LONDON (Reuters) - Brent crude futures dipped below $111 a barrel on Thursday as supply fears began to ease after Libya declared an end to an oil crisis that has slashed exports from the OPEC member.
Libya’s government said it had reached a deal with a rebel leader controlling oil ports to hand over the last two terminals and end a blockade, potentially making an extra 500,000 barrels per day (bpd) of crude available for export.
“The market has been waiting for this. The question now is how long it will take for flows to come out,” said Ole Hansen, senior commodity strategist at Saxo Bank.
“The market has been disappointed before so after the initial selloff yesterday it is a case of wait and see.”
Brent extended the previous session’s losses to fall to a three-week low as traders took profits, dropping 59 cents to $110.65 a barrel by 1037 GMT.
U.S. oil declined by 44 cents to $104.04 a barrel, also hitting a three-week trough.
The crisis in Iraq is still providing a floor for prices, however, with industry officials and analysts saying the world’s spare production capacity would struggle to cover for another big oil outage.
Iraqi Prime Minister Nuri al-Maliki is hoping parliament will form a new government in its next session after the first collapsed in discord. Baghdad can ill afford a long delay as large swathes of the north and west have fallen under the control of an al Qaeda splinter group.
Saudi Arabia has deployed 30,000 soldiers to its border with Iraq after Iraqi soldiers withdrew from the area, Saudi-owned al-Arabiya television said.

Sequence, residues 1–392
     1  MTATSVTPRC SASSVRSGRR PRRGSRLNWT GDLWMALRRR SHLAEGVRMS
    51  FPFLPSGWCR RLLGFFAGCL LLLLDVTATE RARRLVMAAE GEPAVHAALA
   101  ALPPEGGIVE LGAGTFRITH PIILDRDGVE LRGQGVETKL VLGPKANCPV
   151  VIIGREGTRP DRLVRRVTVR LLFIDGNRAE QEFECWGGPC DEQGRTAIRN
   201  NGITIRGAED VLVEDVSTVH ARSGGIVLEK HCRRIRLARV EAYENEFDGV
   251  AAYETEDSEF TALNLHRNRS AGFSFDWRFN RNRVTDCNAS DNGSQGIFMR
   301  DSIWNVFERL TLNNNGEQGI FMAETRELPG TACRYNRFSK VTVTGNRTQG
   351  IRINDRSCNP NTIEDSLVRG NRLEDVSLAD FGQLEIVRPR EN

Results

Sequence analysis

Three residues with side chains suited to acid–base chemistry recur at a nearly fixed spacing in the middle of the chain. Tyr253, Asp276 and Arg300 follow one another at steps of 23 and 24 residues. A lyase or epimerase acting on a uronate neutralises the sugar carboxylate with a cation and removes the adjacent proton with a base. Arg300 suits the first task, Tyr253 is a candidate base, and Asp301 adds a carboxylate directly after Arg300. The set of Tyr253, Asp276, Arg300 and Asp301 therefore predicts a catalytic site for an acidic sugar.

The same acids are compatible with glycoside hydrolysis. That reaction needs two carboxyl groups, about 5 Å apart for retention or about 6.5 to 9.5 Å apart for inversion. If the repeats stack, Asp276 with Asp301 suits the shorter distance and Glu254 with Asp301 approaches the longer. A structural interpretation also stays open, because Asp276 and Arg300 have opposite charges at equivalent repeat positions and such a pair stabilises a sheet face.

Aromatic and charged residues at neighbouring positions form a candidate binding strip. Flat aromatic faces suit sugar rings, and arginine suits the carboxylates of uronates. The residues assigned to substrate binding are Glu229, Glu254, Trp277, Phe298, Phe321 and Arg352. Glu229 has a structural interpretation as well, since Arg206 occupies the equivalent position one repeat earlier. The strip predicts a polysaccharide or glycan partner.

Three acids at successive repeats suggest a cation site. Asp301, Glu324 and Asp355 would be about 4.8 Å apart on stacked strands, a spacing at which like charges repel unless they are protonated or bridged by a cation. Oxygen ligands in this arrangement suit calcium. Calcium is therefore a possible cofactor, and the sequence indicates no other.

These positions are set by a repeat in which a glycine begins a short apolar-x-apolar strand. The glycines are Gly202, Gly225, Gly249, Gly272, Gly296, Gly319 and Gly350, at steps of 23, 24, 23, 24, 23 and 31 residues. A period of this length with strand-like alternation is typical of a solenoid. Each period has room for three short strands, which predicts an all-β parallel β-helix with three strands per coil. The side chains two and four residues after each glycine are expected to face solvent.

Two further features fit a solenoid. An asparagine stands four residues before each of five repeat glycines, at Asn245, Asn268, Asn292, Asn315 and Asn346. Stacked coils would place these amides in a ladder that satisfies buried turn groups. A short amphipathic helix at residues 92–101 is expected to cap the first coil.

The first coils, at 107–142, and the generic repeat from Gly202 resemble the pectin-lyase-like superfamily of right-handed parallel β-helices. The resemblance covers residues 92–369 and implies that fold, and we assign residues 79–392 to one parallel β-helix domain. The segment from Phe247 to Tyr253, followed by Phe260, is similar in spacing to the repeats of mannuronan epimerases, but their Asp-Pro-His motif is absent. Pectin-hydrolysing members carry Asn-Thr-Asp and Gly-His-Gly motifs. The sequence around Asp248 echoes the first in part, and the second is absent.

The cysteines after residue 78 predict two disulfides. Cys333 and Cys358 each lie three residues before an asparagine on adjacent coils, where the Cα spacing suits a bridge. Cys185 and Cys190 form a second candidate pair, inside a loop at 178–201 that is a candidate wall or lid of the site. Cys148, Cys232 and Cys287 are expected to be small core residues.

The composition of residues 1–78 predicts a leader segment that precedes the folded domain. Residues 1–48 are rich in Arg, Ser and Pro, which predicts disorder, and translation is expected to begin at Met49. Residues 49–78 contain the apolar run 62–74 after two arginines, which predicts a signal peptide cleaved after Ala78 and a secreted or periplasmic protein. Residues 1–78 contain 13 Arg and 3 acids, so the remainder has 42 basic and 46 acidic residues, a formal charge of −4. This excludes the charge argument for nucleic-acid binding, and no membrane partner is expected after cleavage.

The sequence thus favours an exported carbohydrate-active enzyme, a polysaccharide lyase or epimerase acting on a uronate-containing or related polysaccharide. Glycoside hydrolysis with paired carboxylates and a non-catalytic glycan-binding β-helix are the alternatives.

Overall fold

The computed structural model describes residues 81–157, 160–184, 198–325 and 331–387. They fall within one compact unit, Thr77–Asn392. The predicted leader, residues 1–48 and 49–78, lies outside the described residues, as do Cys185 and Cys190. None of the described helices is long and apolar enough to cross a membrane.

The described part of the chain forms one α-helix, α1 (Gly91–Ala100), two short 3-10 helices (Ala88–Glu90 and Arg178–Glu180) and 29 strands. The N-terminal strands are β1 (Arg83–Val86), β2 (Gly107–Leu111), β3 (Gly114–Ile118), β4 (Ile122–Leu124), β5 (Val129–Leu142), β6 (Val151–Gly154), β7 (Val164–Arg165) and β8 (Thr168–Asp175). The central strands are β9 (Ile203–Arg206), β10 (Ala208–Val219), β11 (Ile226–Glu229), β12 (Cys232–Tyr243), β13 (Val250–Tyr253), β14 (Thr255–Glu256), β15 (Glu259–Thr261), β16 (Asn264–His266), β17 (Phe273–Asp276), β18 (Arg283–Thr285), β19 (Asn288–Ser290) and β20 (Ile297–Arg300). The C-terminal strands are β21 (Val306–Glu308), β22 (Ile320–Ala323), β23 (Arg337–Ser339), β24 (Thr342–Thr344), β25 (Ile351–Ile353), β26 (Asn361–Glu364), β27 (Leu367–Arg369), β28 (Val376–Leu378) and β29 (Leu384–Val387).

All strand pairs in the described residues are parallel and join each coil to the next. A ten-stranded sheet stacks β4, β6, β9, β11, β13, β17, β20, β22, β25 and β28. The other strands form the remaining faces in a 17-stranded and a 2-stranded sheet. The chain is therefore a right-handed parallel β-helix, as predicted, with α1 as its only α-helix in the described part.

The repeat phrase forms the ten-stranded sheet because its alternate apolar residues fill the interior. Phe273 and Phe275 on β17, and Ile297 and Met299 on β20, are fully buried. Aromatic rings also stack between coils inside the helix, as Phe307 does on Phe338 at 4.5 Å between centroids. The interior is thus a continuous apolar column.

The fighting has had little impact on Iraqi exports to date, however. Production fell by about 170,000 bpd in Iraq in June, according to a Reuters survey, with southern exports affected by technical issues.
“Oil exports from southern Iraq dropped in late June, but this was due to maintenance and expansion work at an oil terminal near Basra,” said Carsten Fritsch, an oil analyst at Commerzbank in Frankfurt. “That means the drop will be temporary and exports should rise in coming months.”
On the demand side the latest data from the United States, one of the world’s top oil consumers, has suggested the economy is recovering.
U.S. crude stocks fell by more than expected last week as refineries increased output before the July 4 holiday weekend, data from the Energy Information Administration showed on Wednesday.
The market is awaiting the closely followed U.S. nonfarm payroll figures for June. Employment growth in the country is expected to have continued at a solid clip.
Fritsch said a positive number could put the brake on further price declines but was unlikely to push prices up, given the market’s reaction to the ADP employment number on Wednesday.
U.S. private payrolls recorded their largest gain in 1-1/2 years in June as businesses stepped up hiring, reinforcing views that the economy had rebounded from its first-quarter slump.
“Brent prices are set to remain well supported at just below $110 given a global growth recovery in H2 2014,” Andrey Kryuchenkov, an analyst at VTB Capital, said in a note.
“However, supply concerns would ease even more should Iraq manage to push militants back to Mosul and also provided Libya continues to ramp up production.”
Additional reporting by Manash Goswami; in Singapore; Editing by Dale Hudson